Successful integration would undeniably make these territories useful instruments of cultural, economic, and military influence and turn them into major assets for the French Indo-Pacific strategy. But this integration requires France’s membership in international organizations focused on the region, which is not without difficulties. France is a party to various Pacific fora and is a founding member of the Indian Ocean Commission, an intergovernmental agency that brings together five Indian Ocean island states.9 But, although a candidate, it is still not a member of the broad Indian Ocean Rim Association (IORA). An intergovernmental organization created in 1997 on the initiative of South Africa and India, the IORA brings together twenty-two member states, representative of all the Indian Ocean’s shores, as well as nine dialogue partners.10
A Narrow Path
France’s Indo-Pacific strategy is not the result of mere political opportunism. It reflects a realization of the potential dangers that China’s rise and the Sino-American rivalry pose to France’s interests, influence, and status—as well as a desire to prevent possible marginalization given the supposed shift in gravity toward Asia. The strategy will only be successful, however, if France’s overseas territories redefine their relations with the metropolis to become vectors of political, diplomatic, military, economic, and cultural influence.
Finally, France cannot act alone—it will need to gain the support of other European states, who may be reluctant partners unless France can both reassure them of its benign intentions and remind them of the need to protect their own interests in the region. It will also need to help redefine Europe’s relations with the United States. Walking along a narrow path, Europe must share more of the burden in security matters but never fall into the trap of a mechanical alignment with Washington.
1 Rory Medcalf, “The Indo-Pacific With Chinese Characteristics,” Politique Etrangère, no. 3 (Fall 2019): 49–61, https://www.cairn-int.info/abstract-E_PE_193_0049--the-indo-pacific-with-chinese.htm#.
2 “Quelle stratégie pour la France dans l’Indopacifique” [What strategy for France in the Indo-Pacific], interview with Alice Guitton, Director General of International Relations and Strategy (DGRIS), Ministry of the Armed Forces, Diplomatie, no. 53 (October–November 2019): 24–28.
3 Medcalf, “The Indo-Pacific With Chinese Characteristics.”
4 Jean-Loup Samaan, “La stratégie Indopacifique de l’administration Trump: une difficile émergence” [The Trump administration’s Indo-Pacific Strategy: A difficult emergence], Politique Etrangère, no. 3 (Fall 2019) : 37–48, https://www.cairn.info/article.php?ID_ARTICLE=PE_193_0037.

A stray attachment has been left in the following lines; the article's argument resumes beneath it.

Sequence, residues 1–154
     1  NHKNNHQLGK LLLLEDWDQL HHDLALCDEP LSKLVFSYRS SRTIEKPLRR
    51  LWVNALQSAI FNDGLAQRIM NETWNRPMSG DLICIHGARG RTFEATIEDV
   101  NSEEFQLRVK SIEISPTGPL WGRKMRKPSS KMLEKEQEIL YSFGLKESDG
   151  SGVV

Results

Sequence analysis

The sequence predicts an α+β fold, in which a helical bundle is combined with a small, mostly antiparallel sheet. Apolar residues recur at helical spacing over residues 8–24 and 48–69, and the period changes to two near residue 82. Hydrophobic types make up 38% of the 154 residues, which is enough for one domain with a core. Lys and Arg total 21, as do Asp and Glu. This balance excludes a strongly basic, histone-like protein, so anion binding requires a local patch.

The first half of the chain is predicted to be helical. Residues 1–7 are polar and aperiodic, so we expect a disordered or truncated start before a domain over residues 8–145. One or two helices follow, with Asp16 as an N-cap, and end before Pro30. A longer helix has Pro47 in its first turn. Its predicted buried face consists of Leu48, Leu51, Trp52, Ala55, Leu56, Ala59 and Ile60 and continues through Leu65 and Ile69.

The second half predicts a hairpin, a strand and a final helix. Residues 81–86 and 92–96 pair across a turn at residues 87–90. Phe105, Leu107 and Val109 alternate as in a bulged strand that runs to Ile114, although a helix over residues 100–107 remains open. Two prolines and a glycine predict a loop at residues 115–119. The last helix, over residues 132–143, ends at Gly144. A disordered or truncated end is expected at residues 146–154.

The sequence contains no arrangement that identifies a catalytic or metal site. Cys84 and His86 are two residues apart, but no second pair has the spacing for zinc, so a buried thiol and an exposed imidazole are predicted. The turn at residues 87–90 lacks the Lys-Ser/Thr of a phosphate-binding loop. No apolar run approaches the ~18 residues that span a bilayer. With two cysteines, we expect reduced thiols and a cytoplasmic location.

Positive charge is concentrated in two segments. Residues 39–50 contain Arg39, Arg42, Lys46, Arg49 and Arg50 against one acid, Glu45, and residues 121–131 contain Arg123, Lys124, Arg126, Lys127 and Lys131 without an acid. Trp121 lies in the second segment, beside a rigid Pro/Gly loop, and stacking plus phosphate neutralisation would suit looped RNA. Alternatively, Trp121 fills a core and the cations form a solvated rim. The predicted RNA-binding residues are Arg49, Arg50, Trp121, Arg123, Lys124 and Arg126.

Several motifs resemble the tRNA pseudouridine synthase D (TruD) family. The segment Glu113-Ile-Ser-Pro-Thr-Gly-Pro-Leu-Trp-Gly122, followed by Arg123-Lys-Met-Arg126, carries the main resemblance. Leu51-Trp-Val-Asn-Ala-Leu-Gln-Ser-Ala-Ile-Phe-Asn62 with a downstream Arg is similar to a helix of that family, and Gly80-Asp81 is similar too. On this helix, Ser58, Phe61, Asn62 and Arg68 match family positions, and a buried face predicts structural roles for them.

5 Manh Largemain, “L’anticipation sécuritaire environnementale en Indo-Pacifique: un enjeu pour la défense française” [Environmental anticipation in the Indo-Pacific: a challenge for French national security], Diplomatie, no. 53 (October–November 2019): 29–30.
6 Christian Lechervy, “La place des Outre-mer océaniens dans la politique Indo-Pacifique de la France” [The place of oceanic overseas territories in France’s Indo-Pacific policy], Revue Défense Nationale, no. 823 (October 2019): 18–24, https://www.cairn.info/revue-defense-nationale-2019-8-page-18.htm.
7 Christian Lechervy, “La France et le concept d’Indo-Pacifique” [France and the concept of the Indo-Pacific], Politique Etrangère, no. 3 (Fall 2019): 23–35, https://www.cairn.info/revue-politique-etrangere-2019-3-page-23.htm.
8 Ibid, 26.
9 France is a member of the Pacific Islands Forum, the Pacific Islands Development Forum, the Pacific Regional Environment Program, and the South Pacific Community. The Indian Ocean Commission’s island states include Comoros, France (through Reunion), Madagascar, Mauritius, and Seychelles.
10 The member states include Australia, Bangladesh, Comoros, India, Indonesia, Iran, Kenya, Madagascar, Malaysia, Maldives, Mauritius, Mozambique, Oman, Seychelles, Singapore, Somalia, South Africa, Sri Lanka, Tanzania, Thailand, United Arab Emirates, and Yemen. The dialogue partners include China, Egypt, France, Germany, Japan, South Korea, Turkey, the United Kingdom, and the United States.